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RIYADH: The National Center for Wildlife organized the first Hima protected areas forum on Sunday to discuss conservation efforts for natural habitats and wildlife in Saudi Arabia.

The forum was inaugurated by the minister of environment, water, and agriculture and chairman of the board of the National Center for Wildlife, Abdulrahman Al-Fadhli.

The event, held from April 21-24, is the first of its kind in the region and attracts both local and international participants.

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Red Sea Global, Catmosphere, the Royal Commission for AlUla, and the Imam Abdulaziz bin Mohammed Royal Reserve Development Authority are among the companies and projects participating in the three-day forum. (AN photo by Abdulrahman Alnajim)

“We are talking about participation from Red Sea Global, AMAALA, and NEOM to work together and deliver conservation efforts,” said Mohammad Qurban, CEO of the National Center for Wildlife.

Qurban added that hosting Hima will bring knowledge, effort, and expertise together to preserve and protect natural resources.

In addition, the center will highlight some of the Kingdom’s sustainable practices related to environmental health, he added.

One of the center’s projects is an expedition to examine and study Saudi Arabia’s wildlife and landscapes across all regions, in collaboration with universities and educational centers in each area, Qurban told Arab News.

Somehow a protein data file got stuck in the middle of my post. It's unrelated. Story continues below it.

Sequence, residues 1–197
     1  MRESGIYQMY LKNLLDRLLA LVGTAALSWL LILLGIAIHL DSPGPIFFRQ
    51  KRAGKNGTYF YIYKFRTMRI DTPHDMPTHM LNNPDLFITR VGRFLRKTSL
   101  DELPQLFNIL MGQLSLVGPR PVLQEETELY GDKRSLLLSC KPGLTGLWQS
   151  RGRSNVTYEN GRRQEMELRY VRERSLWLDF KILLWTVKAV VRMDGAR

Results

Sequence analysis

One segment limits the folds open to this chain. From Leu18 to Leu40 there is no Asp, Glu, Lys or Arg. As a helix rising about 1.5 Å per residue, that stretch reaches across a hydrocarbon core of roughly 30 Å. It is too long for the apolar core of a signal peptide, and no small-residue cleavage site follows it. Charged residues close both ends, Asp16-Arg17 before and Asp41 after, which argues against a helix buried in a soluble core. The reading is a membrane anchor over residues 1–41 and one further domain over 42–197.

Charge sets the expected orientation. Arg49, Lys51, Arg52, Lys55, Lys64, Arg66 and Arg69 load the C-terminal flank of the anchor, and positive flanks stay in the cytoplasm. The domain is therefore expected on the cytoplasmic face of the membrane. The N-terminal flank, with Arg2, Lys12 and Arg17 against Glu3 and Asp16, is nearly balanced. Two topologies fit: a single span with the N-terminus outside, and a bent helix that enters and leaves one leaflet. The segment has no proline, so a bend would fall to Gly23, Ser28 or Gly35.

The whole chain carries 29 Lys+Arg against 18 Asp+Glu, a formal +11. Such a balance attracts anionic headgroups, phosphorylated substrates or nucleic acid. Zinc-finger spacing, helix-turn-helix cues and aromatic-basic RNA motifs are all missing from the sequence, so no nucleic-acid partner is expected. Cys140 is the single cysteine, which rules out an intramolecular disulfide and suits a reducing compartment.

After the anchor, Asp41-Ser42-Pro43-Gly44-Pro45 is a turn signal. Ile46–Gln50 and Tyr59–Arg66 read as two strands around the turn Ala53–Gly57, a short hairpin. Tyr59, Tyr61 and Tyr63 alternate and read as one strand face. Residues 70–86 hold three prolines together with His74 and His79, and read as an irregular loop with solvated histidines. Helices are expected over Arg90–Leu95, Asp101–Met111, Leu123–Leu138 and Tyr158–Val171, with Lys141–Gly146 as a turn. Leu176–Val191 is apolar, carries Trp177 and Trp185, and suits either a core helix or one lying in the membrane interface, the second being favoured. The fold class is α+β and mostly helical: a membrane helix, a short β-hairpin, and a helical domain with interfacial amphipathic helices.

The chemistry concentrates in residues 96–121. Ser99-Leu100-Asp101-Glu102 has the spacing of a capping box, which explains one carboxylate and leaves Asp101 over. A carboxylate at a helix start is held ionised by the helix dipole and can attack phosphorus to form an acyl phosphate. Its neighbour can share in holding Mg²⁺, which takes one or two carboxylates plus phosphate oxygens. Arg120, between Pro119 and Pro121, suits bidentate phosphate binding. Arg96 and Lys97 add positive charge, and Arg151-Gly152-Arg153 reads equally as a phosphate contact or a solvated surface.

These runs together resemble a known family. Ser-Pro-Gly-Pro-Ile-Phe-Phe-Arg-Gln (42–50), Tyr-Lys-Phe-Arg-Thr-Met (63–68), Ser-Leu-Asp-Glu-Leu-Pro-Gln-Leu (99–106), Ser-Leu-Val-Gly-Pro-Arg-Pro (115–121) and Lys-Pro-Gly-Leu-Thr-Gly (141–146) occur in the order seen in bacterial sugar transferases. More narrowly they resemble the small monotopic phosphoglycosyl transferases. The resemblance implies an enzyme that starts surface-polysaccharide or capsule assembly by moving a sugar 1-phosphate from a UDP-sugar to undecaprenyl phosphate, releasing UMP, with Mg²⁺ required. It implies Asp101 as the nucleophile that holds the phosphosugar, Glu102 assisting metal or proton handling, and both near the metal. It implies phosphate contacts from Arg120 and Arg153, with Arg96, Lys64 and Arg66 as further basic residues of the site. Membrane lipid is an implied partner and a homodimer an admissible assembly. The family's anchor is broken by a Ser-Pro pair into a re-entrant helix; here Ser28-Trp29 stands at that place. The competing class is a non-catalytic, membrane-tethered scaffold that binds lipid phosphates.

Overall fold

Institutions including the UK’s University of Oxford and King Abdullah University of Science and Technology will take part in the program.

Major local companies and projects are attending the three-day forum, including Red Sea Global, Catmosphere, the Royal Commission for AlUla and the Imam Abdulaziz bin Mohammed Royal Reserve Development Authority.

Omar Al-Attas, head of environmental protection and regeneration at Red Sea Global, said: “Red Sea Global, since the beginning of its development, kept the protection, enhancement and preservation of the environment as the main target. We have been working through the years to understand exactly what we are dealing with from both sides, terrestrial and marine.

“Based on a long time, which exceeded three years of assessment and establishing a baseline, we understand clearly our marine area, which led to the design of the marine protected area, a proposal that we will be working on with the National Center for Wildlife and the ministry.”

The forum offers a comprehensive program for visitors, featuring activities including panel discussions, presentations and workshops. All sessions are conducted by local and international experts focused on conserving nature and protecting biodiversity.

“In King Khalid Reserve, which we are also responsible for, we introduced the oryx. We started introducing it in the year 2021,” said Talal Al-Harigi, CEO of the Imam Abdulaziz bin Mohammed Royal Reserve Development Authority.

“On the other side, we are increasing the number of plants. One month ago, we completed planting 1 million plants for both of the reserves.

“We are working with local communities to support handicrafts relating to honey bees. Bee grazing is now one of our new activities … for the second year, honey bees are producing Rudhat Khuraim honey,” Al-Harigi added.

Since its founding in 2019, the National Center for Wildlife has addressed challenges facing wildlife and marine ecosystems, aiming to protect the environment for future generations.

 

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